An artist undergoes many stages in his personal and creative development. Typically this can range from a period of youthful experimentation, a mid-period where he hit his professional peak, followed by the mature reflection of an old master. With Wayne Shorter, who has towered over the tenor saxophone for 40-odd years, it is difficult to assess where one phase ends and another begins. For me, some of his greatest work was done for Blue Note in the 1960s.
A new double-CD compilation, The Classic Blue Note Recordings of Wayne Shorter, offers a retrospective of his tenure at the label. The first CD chronicles his work as leader from 1964-1970 and contains tracks from his most creative period as a leader. All of the usual suspects get a mention: “Yes or No,” “Speak no Evil,” “Adam’s Apple” and “Footprints.” The second CD deals with Shorter's work as a sideman in the company of such luminaries as Art Blakey’s Jazz Messegners, Freddie Hubbard, Lee Morgan and Michel Petrucciani. While his sideman work is not quite as inspired as the music on the first CD, it is all still great Jazz, and should appeal to anybody who likes post-bop. The compositions where Wayne shares the front-line with Lee Morgan are particularly impressive On track 3, “Ping-Pong,” the music almost boils over as the two exchange riff after riff.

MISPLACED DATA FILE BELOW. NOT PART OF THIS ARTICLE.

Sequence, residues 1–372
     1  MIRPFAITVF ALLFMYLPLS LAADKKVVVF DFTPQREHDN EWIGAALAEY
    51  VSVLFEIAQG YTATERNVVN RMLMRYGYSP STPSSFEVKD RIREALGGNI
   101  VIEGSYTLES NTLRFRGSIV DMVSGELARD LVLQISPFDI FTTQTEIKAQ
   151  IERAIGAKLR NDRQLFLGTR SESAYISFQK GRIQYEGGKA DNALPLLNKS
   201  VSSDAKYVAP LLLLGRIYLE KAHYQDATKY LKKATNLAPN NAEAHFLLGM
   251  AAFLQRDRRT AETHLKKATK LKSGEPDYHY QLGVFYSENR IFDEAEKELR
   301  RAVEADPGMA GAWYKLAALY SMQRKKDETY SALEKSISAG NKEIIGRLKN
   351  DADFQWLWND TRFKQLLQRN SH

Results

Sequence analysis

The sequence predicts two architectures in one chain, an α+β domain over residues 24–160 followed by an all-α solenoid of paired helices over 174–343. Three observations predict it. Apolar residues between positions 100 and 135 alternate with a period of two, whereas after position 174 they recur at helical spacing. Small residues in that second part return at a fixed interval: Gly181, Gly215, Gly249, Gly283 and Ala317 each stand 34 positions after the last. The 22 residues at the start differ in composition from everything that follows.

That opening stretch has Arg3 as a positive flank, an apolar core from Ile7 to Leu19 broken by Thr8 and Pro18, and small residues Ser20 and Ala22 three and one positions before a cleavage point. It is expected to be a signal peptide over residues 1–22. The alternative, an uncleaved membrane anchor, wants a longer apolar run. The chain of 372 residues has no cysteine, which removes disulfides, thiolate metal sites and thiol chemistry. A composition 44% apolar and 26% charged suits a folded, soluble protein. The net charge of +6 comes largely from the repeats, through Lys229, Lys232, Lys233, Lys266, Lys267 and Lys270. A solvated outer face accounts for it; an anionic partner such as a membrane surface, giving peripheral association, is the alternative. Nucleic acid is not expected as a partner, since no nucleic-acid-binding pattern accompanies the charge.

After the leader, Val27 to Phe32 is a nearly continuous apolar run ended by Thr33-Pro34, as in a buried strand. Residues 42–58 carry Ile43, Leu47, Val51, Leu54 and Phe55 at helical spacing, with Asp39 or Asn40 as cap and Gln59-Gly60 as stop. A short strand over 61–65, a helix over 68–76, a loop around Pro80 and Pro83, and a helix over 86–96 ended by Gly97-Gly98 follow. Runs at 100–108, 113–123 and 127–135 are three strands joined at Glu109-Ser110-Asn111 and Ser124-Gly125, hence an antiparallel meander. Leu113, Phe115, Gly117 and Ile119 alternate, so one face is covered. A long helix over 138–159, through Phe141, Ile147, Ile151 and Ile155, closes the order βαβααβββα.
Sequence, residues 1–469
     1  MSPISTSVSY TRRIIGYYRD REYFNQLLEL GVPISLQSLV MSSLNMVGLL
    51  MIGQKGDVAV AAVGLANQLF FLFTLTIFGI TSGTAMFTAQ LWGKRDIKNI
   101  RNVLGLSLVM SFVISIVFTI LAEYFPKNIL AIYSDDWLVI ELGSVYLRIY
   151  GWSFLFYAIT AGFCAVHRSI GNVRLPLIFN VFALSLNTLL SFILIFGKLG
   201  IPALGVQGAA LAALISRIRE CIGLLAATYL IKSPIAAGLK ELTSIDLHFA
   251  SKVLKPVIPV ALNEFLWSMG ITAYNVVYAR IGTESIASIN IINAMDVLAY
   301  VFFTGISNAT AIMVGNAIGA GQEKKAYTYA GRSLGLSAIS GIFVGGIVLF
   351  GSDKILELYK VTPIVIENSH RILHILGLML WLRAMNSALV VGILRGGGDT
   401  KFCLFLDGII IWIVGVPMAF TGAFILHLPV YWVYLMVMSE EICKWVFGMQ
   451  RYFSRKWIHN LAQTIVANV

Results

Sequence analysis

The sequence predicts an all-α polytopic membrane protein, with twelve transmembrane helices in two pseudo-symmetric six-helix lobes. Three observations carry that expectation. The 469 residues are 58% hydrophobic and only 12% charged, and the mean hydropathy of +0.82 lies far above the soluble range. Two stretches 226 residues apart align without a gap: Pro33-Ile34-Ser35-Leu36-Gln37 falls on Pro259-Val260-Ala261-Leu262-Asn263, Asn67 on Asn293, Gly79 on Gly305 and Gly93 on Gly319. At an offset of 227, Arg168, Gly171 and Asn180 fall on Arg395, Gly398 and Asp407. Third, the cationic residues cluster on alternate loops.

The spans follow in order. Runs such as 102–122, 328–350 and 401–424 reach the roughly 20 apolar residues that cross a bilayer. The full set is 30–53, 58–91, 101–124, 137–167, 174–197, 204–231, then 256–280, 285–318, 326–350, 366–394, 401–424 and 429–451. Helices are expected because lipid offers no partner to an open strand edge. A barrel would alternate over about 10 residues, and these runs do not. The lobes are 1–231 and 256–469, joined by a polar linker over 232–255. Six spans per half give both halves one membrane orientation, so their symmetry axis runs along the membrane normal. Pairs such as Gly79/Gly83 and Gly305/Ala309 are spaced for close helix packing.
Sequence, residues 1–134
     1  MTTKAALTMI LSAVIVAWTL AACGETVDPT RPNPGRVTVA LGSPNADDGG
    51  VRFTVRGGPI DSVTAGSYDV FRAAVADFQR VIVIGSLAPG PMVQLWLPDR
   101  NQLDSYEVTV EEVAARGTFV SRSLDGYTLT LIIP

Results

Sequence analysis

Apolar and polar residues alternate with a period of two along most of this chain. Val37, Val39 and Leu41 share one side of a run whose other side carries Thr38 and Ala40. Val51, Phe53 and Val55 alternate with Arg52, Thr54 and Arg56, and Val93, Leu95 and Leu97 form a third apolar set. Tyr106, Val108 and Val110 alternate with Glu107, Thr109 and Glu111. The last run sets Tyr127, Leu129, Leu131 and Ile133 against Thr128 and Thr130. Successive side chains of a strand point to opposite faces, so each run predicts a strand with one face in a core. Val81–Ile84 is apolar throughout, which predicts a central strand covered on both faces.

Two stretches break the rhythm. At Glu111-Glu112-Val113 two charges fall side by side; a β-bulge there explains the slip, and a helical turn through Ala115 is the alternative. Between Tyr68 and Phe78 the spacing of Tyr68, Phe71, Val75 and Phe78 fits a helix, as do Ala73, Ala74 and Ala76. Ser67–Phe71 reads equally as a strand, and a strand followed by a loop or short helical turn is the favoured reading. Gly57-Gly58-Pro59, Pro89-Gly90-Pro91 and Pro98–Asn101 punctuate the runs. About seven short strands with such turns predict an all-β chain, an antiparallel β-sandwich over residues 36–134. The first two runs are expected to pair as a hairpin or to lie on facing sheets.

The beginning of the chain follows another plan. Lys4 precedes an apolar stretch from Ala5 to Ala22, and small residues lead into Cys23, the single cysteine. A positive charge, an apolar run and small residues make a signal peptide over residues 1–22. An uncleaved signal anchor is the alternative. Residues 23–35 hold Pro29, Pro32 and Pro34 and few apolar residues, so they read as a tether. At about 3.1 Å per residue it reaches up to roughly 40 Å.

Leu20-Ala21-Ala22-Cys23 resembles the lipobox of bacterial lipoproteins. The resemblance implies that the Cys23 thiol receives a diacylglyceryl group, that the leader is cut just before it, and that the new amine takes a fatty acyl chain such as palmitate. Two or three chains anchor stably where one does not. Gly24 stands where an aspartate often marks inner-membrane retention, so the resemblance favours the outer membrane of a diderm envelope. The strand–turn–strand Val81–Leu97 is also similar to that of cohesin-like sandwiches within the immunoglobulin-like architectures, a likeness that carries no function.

Projects of this nature always attract criticism from fans. I was rather amused to see the recent negative comments being passed by fans on the Blue Note website. Luckily, the main criticisms concerned the relative brevity of this compilation. No matter. If you love jazz you probably own most of this anyway. If not, then shame on you. However, if you don’t own any Wayne Shorter but feel you should, this is the ideal place to start.
Track Listing: Black Nile, Yes or No, Speak no Evil, Infant Eyes, Witch Hunt, Angola,
Etcetera, Adam's Apple, Footprints, Tom Thumb, Super Novas, Calm, The
Chess Players, Lester Left Town, Ping Pong, United, Marie Antoinette,
Children of the Night, Contemplation, Rio, Limbo, Nefertiti
The first jazz record I bought was Bill Evans' Sunday at the Village Vanguard. When I was in high school, I somehow stumbled
across the track My Man's Gone Now and was instantly transfixed. It was the most beautiful thing I'd ever heard. So I saved up
(times were hard for a teenager back then) and went out and bought the album.
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